Proceedings of The Physiological Society
King's College London (2011) Proc Physiol Soc 22, C14
In vivo imaging of long-term reactions of glia and neurones after lesions of the spinal cord in triple-transgenic mice with fluorescent proteins
F. Nadrigny1,2, P. Dibaj1, H. Steffens1,3, F. Kirchhoff1,4, E. D. Schomburg3
1. Neurogenetics, Max-Planck-institute for Experimental Medicine, G
Neuronal regeneration after spinal cord injury may be impeded by a glial scar, but its character and temporal development is still vague. Triple-transgenic mice with labeled projection neurons and glial cells with different fluorescent proteins (axons/YFP, microglia [MG]/GFP, astrocytes/CFP) were imaged with two photon microscopy before and after laser-induced spinal cord lesions (20-40 µm diameter at L4). The lesions were regularly re-inspected for up to one year. The initial laminectomy at spinal cord L4 and re-opening for re-inspections were performed under full volatile anaesthesia (1:1 N2O:O2 and isoflurane initially 5%, then 2%). The days after operation, the mice received buprenorphin (0.1 mg/kg per day i.p.). Within minutes after the lesion, MG sent their processes towards the lesion. During the next days, nearby MG cells migrated toward the lesion accumulating and staying there for about a week, then slowly diminishing during the next five months. Monocytes (also GFP-labeled) crossing the blood-brain barrier during the acute reaction and invading the lesion site were not found. Astrocytes were slowly activated and started to extend processes to the lesion after two days. An astroglial reaction surrounding the lesion site was fully developed after a week and subsequently decreased within five months. Within hours after the lesion, dissected axons formed bulbous debris which was partly engulfed by MG processes directed to the lesion. Other axonal bulbs remained at their place caudal to the lesion for weeks. Occasionally, axonal sprouting was detected about three months after injury. Initially, neuronal sprouts were not always straightly directed towards the lesion but later they could cross the site of injury, when the glial accumulation had almost vanished. Mechanically induced injuries evoked similar spatiotemporal cellular reactions but did not allow such a systematic investigation since they were less well defined. The combination of multi-cellular labeling with long-term imaging allowed an exploration of the time course of complex cellular responses after spinal cord injury. Detailed knowledge of the temporal behavior of the main cell types involved in the reaction to spinal cord injury may provide valuable hints for a therapeutical approach to improve axonal survival and regeneration.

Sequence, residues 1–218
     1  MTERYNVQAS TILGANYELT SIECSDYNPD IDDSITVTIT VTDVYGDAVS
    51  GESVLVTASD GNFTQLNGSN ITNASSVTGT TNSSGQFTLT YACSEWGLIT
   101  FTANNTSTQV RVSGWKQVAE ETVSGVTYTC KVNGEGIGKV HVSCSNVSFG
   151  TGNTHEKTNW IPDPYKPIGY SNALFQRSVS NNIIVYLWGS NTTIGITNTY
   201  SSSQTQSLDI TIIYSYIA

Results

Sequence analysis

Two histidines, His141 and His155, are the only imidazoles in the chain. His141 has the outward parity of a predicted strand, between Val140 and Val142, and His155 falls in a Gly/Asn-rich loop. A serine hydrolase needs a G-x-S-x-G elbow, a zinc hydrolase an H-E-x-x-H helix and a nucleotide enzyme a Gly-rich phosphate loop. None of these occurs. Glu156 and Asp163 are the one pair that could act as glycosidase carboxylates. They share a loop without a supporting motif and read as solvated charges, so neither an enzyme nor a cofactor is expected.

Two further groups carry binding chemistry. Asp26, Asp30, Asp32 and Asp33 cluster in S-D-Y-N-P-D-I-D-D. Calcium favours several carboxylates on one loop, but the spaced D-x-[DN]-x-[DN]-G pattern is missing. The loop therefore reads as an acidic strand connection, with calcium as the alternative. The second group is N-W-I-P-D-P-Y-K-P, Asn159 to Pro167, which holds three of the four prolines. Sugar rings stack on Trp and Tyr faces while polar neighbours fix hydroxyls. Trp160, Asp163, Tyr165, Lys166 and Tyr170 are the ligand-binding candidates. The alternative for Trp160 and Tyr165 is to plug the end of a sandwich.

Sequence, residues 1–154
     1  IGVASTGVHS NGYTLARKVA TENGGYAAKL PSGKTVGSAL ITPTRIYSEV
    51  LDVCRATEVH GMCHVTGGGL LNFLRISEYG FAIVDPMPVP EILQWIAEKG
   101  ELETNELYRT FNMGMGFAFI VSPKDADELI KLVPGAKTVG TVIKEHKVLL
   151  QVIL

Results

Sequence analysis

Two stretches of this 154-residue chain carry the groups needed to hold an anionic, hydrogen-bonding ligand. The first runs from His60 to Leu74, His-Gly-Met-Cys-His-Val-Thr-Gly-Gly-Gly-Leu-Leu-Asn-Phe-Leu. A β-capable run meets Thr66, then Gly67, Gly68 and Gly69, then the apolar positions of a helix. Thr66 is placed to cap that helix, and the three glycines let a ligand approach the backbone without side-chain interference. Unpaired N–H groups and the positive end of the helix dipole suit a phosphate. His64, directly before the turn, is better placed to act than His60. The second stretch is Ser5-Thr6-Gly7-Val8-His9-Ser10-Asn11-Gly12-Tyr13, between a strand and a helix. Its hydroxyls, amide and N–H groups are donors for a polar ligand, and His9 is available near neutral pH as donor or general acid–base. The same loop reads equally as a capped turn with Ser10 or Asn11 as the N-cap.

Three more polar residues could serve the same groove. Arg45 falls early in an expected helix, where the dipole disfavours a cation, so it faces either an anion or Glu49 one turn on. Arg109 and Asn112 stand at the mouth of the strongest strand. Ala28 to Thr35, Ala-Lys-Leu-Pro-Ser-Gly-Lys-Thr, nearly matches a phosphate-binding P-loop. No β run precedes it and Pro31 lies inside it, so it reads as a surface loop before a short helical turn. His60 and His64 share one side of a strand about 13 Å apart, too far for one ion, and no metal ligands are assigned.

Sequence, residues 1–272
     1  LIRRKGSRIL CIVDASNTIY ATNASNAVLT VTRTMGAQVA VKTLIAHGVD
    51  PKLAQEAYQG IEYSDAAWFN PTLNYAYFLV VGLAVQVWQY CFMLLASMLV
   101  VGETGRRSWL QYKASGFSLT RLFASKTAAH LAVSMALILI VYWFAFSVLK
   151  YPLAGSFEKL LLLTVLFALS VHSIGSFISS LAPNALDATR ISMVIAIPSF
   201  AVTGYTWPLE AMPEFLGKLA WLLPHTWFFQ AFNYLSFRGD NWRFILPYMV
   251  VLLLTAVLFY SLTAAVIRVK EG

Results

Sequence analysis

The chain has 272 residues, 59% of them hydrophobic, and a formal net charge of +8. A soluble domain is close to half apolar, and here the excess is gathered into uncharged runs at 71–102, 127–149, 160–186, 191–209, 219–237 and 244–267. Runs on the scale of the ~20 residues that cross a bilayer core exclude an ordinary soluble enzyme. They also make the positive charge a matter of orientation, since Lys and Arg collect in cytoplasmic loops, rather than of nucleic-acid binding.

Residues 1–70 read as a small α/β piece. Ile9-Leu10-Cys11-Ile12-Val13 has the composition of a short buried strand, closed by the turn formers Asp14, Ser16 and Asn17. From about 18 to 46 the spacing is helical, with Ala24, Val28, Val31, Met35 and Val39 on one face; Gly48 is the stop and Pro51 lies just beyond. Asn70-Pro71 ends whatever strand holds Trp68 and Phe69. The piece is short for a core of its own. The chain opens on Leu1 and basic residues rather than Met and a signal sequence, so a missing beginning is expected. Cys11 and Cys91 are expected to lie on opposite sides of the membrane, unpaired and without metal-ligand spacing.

Where applicable, experiments conform with Society ethical requirements